I am running another free offer this weekend. The affected books are 'Usurper' and 'Chained in Time'. It opened yesterday and over 1000 books were downloaded in the first 24 hours. It also runs today and tomorrow, so if you want the books free, now is your opportunity. I have no plans to run any further free offers, but I do intend to expand my outlets. I am considering options at the moment, but platforms such as the iPad, Nook and Kobo are under consideration in addition to Kindle. I am also considering launching print editions of my books. Watch this space. The adventures of Avalind and Julie Rutter are about to become available to a lot more people.
Meet my new friend, Phillip Duke. He is an author from Omaha, Nebraska, who is also featured on Suzy Dubot's website: http://suzybazaar.webs.com/. He is a Phd, so he is a knowledgeable fellow as well as being an amiable and helpful one. I find it ironic that a man who lives nearly 5000 miles away should be radically more helpful in sorting out recent issues with our central heating system than a plumber who lives within walking distance.
More to the point, Phillip is an author with a particular fondness for the Sherlock Holmes stories of Sir Arthur Conan-Doyle. I have read a number of pastiches of Holmes and, by and large, it has not been a worthwhile experience. Phillip is the exception. His stories blend the traditional characteristics of Conan-Doyle's tales with a dash of science fiction and the result is a success. Far from being the tedious mish-mash that such things usually turn out to be, these stories have an eloquence and attention to detail that would do justice to Doyle himself.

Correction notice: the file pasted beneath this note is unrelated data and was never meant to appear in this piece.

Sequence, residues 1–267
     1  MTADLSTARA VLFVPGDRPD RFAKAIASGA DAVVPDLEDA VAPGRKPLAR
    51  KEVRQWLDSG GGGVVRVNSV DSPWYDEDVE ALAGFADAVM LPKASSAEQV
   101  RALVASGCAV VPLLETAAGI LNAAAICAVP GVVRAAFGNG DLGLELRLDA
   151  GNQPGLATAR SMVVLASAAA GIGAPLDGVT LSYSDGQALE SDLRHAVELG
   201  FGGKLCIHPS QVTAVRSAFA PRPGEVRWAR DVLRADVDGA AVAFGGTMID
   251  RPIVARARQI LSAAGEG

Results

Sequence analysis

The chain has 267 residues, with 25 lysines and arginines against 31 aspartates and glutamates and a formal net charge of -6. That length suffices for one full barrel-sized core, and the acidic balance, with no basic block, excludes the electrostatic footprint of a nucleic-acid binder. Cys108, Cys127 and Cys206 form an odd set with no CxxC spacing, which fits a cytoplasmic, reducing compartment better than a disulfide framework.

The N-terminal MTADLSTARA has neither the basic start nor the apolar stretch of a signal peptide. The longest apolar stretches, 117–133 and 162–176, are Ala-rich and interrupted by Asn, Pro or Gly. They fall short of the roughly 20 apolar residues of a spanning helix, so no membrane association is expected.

I have another Sherlock Holmes pastiche on my Kindle at the moment. I won't mention the title or the author's name (except that it isn't Phillip) because it is truly awful. This writer's knowledge of Holmes might be culled from watching an old Basil Rathbone film, or perhaps one of the Jeremy Brett TV adaptations, but he has certainly never read any of the original stories, and it shows. It reminds me of all those fantasy novels that came out in the wake of 'The Lord of the Rings' success. They always trumpeted the 'comparable to Tolkien at his best' tagline. 'Comparable to' means 'can be compared with'. It doesn't mean 'as good as'. Put it to the test. Compare a tin of baked beans with Tolkien at his best (ie. 'The Lord of the Rings'). The beans will probably taste better than the book, but the book will almost certainly be more interesting to read. There you are: a comparison. A tin of baked beans is 'comparable to Tolkien at his best'.
None of this applies to Phillip Duke. His stories worthy successors to Conan-Doyle's originals and I recommend them highly.
Find them here: http://goo.gl/HYHD8
Writer of Fantasy, thrillers, comedy - and anything else that takes my fancy.